Inspired by Mrs.Rajam. Dot count: 15, 13 (2lines), 9 (2 lines), 5 (2 lines) and ending in 1 dot on all sides. I had made a colored version of the same last year and published it here. But, I had to unpublish it after an hour or so, since I didn't realize that I had published the same dotted kolam done by another member. But, this version is an animated one, as promised to Mrs.Rajam. Let me know what you think of it.
Here is the original version: http://ikolam.com/node/3382
We would like to wish all our members a very happy festival season. With the winter only couple of weeks away, we are eagerly waiting for the margazhi season to begin! We hope you will share your rangoli/kolam creations with us throughout this auspicious season culminating with the Pongal festival.
This is my animated version of the Bluebells kolam. Hope you like it.
People call this pattern Brahma's knot. It is a dotted kolam. An advanced design which is an extension of this pattern could be found at:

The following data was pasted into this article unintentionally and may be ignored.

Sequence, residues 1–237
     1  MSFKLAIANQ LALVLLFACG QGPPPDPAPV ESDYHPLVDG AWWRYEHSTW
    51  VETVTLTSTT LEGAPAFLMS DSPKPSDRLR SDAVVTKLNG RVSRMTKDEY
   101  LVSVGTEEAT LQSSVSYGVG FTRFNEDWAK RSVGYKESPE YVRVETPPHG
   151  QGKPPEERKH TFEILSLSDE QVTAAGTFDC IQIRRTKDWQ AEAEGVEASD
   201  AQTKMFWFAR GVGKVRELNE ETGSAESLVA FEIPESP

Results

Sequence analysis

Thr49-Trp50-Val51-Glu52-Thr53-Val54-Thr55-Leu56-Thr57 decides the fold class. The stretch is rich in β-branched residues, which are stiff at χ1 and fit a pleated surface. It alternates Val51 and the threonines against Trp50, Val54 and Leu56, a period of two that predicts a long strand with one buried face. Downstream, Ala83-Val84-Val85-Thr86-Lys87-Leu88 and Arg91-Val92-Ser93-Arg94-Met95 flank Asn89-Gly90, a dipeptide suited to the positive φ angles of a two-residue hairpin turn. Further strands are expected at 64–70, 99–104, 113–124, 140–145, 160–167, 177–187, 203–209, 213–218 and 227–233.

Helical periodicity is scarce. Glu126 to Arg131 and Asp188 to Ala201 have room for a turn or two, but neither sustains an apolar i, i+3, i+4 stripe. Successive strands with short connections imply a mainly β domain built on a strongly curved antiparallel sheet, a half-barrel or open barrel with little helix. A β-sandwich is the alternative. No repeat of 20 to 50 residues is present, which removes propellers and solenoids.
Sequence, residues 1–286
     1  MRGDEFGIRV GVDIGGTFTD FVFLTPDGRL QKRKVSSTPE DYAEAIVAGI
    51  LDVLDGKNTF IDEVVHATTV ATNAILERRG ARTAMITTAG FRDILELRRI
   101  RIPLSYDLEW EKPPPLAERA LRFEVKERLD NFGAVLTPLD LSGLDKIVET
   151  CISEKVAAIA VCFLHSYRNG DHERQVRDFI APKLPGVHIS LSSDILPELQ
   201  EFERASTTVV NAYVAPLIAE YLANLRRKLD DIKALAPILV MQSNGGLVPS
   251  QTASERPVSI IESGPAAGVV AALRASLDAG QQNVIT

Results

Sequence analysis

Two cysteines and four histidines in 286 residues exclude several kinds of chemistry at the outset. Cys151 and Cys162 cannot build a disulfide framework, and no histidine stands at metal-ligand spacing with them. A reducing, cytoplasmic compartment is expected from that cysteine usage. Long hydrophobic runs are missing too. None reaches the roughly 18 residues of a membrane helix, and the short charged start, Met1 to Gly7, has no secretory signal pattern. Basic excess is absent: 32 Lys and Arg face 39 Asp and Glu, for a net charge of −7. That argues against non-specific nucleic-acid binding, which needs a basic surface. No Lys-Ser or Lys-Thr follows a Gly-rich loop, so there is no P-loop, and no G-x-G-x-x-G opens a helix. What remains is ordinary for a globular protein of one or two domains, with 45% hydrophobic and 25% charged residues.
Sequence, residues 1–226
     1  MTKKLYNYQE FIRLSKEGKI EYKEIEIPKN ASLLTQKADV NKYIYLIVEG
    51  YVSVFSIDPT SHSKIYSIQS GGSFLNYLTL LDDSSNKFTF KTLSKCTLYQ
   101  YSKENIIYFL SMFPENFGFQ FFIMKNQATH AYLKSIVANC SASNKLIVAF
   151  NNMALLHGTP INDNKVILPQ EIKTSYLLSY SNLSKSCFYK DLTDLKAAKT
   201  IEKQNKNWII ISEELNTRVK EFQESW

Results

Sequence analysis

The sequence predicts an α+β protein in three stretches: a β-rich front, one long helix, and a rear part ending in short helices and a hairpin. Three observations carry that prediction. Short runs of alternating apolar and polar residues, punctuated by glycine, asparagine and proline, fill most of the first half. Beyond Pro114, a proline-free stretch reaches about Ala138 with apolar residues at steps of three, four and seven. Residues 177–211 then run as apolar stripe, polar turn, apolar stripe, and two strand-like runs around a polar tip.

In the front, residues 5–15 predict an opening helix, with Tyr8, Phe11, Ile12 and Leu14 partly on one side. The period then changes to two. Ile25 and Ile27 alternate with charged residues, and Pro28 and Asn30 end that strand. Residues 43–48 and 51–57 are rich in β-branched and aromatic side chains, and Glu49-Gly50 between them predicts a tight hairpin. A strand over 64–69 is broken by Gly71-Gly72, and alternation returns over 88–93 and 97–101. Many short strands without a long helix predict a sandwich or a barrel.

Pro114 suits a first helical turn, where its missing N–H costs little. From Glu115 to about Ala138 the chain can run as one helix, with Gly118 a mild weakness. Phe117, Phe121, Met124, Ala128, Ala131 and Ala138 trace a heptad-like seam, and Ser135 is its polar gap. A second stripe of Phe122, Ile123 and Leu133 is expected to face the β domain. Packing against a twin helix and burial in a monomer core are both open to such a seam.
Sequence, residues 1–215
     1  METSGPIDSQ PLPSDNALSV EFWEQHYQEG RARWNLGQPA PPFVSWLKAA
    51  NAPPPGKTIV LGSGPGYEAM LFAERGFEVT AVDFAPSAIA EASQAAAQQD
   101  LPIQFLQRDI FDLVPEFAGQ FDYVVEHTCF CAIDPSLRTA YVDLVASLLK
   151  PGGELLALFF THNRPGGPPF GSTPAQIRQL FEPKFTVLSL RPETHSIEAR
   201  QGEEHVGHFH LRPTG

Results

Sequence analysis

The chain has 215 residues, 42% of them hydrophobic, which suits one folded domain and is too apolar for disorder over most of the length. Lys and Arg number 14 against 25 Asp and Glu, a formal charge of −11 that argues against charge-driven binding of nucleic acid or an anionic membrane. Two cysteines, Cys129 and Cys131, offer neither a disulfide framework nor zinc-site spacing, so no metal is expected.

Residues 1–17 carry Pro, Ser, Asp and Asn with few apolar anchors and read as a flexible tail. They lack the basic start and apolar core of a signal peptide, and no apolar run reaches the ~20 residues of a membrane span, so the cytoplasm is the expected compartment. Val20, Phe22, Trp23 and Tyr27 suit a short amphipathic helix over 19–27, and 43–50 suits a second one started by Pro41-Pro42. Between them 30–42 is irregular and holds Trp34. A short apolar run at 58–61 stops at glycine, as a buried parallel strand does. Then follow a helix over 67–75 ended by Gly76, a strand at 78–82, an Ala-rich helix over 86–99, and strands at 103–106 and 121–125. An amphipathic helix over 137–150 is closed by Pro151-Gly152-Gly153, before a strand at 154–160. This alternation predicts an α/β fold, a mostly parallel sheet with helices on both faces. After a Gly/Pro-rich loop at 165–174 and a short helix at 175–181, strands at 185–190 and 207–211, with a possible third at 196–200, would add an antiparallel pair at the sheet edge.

Hope you enjoy it!
Filing it away in Gallery.
Have you ever made a kolam with storks? Here is one if you have not tried any.
- Start with the dots as shown (mouse over the storks to see the dots details).
- Connect the dots.
- Fill the storks with your favorite colors.
Show it to your family members. And upload your creations to ikolam !
Some of the well known temples in India initiate a procession with the devotees and the temple chariot also called the rath in the festival season.
Idols of gods are placed in large chariots or raths which are drawn by the pilgrims. The chariots are approximately 45 feet high and have six wheels. Each year, the rath yatra (procession) draws huge number of devotees from all over the country.
Click on the blue button located at the bottom of the dot grid.
Maattu Pongal is a harvest festival honoring bulls and cows. The farmer cultivating his land depends on bulls, timely rain and the Sun. On this day, the cows and bulls are bathed, adorned with flower garlands and their horns are painted colorfully. Tinkling bells are tied around their neck and they are fed special dishes prepared that day. Bull fights called 'Jallikattu' are also arranged at some places, where young men have to take off the money pouches tied to the horns of ferocious bulls single handed. Another game called "Manji Virattu" is also arranged this day which is basically a cattle race where young men chase ferociously running bulls!
Please click on the blue arrow located at the bottom of the dot grid, to view the animation.